“Today we’re talking about bug spray… in a manner of speaking. But more on that later.”
When you’re a small beetle in a big world, you can easily become someone’s lunch if you’re not careful. So having a secret weapon is vital to survival. When danger rears its ugly head, the bombardier beetle rears its rear to give a nasty chemical surprise to any hungry eyes that might want an easy snack. It just goes to show that paying attention in chemistry class can save your life. But sometimes you just gotta give your enemies the business here in Life, Death, and Taxonomy.
Description of the Bombardier Beetle
- Bombardier beetles come in several varieties, but most have a large abdomen, long thorax, and small head.
- Looking at it, you may assume that it’s mostly abdomen, but it’s wings conceal half of it’s thorax, which is about the same length as it’s abdomen.
- Our friend the crepitans has a shiny dark green elytra and a red orange body.
Welcome to the beloved Measure Up segment. The official listener’s favorite part of the show! The part of the show when we present the animal’s size and dimension in relatable terms through a quiz that’s fun for the whole family. It’s also the part of the show that’s introduced by you when you send in audio of yourself saying, singing, or chittering the words Measure Up into ldtaxonomy at gmail dot com. We do have a new Measure Up from Nora. She also said her favorite animal is the “noble, idiotic dairy cow.”
- 7–10.2 millimetres (0.28–0.40 in)
- How many bombardier beetles go into the length of Optymistychna Cave, the longest gypsum cave in the world?
- Hint: The cave is in Korolivka, Ukraine and it was discovered in 1966. It’s situated between layers of 20 meter thick gypsum.
- 23,126,400 beetles.
- So far, the cave has been mapped to be 236 km (146 miles).
- 7 milligrams (estimated)
- How many bombardier beetles go into a large male hucul pony?
- Hint: A hucul pony is also called a Hutsul or carpathian pony that was first bred by the Hutsul people of Ukraine. The first domestic horses were probably domesticated in Ukraine 6,000 years ago.
- 65,576,496 beetles.
- The hucul pony is between 880 to 1210 pounds with stallions being on the upper end of average.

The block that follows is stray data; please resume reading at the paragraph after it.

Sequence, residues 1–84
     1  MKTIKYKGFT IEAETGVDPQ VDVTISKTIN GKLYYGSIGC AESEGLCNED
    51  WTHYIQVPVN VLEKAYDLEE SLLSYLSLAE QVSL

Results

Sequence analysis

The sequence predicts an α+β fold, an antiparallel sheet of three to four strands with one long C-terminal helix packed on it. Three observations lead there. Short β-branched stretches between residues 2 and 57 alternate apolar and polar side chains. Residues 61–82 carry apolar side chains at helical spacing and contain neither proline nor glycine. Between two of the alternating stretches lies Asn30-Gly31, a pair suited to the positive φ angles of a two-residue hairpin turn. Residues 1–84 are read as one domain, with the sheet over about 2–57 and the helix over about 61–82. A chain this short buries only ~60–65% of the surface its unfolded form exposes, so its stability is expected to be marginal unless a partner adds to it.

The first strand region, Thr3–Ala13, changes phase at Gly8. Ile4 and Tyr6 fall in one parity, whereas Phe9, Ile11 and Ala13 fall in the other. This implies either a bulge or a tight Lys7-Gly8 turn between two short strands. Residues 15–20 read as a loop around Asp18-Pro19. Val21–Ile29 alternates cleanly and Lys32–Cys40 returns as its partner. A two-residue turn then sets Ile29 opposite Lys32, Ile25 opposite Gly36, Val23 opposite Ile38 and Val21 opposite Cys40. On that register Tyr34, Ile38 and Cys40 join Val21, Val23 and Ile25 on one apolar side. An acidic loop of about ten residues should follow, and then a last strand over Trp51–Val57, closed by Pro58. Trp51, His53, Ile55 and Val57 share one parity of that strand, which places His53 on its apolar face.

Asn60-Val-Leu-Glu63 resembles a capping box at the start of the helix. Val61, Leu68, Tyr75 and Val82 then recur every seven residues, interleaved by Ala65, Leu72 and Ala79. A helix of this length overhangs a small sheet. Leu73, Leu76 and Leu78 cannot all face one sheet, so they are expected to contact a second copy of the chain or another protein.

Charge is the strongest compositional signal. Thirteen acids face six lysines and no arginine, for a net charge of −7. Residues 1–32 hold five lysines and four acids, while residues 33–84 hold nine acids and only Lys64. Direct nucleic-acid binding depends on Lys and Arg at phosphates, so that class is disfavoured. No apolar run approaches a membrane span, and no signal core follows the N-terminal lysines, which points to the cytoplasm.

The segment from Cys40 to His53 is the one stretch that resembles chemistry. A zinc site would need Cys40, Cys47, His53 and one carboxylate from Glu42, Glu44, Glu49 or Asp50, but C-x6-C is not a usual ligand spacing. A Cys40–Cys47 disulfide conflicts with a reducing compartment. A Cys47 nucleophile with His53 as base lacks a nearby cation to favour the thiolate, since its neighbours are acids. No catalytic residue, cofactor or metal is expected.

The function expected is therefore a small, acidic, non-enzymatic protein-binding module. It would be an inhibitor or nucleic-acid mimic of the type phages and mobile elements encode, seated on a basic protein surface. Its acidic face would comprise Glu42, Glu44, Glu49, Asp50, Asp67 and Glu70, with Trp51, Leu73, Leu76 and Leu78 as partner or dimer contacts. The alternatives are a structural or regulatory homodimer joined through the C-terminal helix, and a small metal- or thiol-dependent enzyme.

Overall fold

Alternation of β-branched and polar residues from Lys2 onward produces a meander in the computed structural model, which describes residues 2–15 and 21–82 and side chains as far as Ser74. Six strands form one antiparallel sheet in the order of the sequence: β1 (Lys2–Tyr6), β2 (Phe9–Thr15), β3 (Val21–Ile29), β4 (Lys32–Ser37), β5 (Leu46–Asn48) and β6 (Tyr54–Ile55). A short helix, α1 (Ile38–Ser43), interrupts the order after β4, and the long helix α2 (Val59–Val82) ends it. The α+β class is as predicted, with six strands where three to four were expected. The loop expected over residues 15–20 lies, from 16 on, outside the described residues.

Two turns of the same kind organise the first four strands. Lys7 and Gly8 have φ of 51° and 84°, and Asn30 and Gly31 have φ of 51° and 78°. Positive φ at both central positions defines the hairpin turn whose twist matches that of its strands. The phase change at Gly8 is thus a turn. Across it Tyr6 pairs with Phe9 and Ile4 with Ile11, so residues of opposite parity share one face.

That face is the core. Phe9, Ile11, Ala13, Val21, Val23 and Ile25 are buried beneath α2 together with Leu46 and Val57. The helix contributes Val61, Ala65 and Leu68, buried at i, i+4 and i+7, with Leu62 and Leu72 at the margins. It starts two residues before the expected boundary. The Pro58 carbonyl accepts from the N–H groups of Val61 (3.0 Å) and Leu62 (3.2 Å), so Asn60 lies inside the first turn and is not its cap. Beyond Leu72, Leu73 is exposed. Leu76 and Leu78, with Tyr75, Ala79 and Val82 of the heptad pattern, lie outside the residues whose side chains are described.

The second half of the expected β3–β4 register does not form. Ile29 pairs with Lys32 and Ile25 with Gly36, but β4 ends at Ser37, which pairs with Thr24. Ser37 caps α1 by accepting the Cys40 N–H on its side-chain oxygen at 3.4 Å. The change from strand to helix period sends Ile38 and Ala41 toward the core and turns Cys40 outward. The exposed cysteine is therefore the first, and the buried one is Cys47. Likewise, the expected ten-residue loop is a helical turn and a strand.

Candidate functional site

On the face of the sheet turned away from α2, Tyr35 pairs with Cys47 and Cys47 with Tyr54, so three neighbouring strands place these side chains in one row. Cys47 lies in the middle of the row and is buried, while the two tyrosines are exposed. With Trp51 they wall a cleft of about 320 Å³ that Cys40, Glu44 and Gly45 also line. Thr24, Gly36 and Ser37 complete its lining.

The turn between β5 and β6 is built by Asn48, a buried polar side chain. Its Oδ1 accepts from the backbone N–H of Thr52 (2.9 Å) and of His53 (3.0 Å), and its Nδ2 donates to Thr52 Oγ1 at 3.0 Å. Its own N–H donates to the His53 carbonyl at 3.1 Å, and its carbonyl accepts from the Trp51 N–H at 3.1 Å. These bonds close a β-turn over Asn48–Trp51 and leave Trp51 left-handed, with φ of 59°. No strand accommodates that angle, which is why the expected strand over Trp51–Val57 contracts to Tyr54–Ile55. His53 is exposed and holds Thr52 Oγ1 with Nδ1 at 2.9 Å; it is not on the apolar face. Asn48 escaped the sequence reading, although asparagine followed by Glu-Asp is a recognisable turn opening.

Fast Facts Bombardier Beetle
Bombardier Beetles are a group that’s also called ground beetles, of which there are more than 500 species.
The bombardier beetle lives in the steppes of the Podolian Province of Ukraine. It’s also found in the UK, especially in southern England and Wales. It’s also dispersed throughout Europe. They prefer dry sunny areas of grasslands and plains. But they may be found under rocks, in train yards, farmland, and rock quarries.
The species goes through several instars, but it’s lifecycle isn’t completely understood. Larvae are believed to be parasites that attach to other beetle larvae and consume it over several instars.
The bombardier beetle is something called irreducible complexity, and we’ll talk about why in a minute. But irreducible complexity is a term that’s debated between naturalists and the theory of intelligent design. It’s offered as a counterpoint to slow, gradual evolution.
Irreducible complexity is a concept that says a system cannot be made any less complex and still be functional. The primary example that’s usually pointed to is the bacterial flagellum. Apparently bacterial flagellum has what is essentially a little motor that would not work if a part was reduced or removed.
If something is irreducibly complex, then it poses a threat to the concept of unguided, gradual evolution. The big point of contention is usually whether or not something can or can’t be reduced and still function.
Major Fact: Acid Bombs
The bombardier beetle has a pretty unique defense mechanism that is anything but basic.
When predators like ants, spiders, praying mantises, or frogs threaten the bombardier, it hikes up its glands and gives it a nice and potentially fatal spritzing of a different kind of chemotherapy.
The beetle has two acid glands at the end of its bum that are lined with special cells that secrete a special mixture of enzymes. This is connected to a compressible chamber containing chemicals including hydrogen peroxide.
When it’s threatened, the beetle turns the not-so-cold shoulder to the predator and compresses the chemical chamber to squeeze those good chems into the enzyme glands.
The enzymes immediately break down the hydrogen peroxide and other chemicals into a substance called benzoquinone.
This chemical reaction releases a lot of energy and heat – getting up to 212 degrees Fahrenheit and turns it into a not nice-smelling vapor.
Then, with a loud pop, out comes a bunch of superheated vaporized benzoquinone that irritates the eyes and respiratory systems of the predators – sometimes enough to kill them.
The spray is made possible by 70 compressions of the reservoir in a fraction of a second. The pressure on the reservoir creates “microexplosions” that open and close the valve between the reservoir with the hydrogen peroxide and the glands with the enzymes.
Some beetles can swivel their glands 270 degrees to spray in most directions.
Ending: So know your chemistry, keep your glands on a swivel, and use superheated acid to your advantage like the bombardier beetle here in Life, Death, and Taxonomy.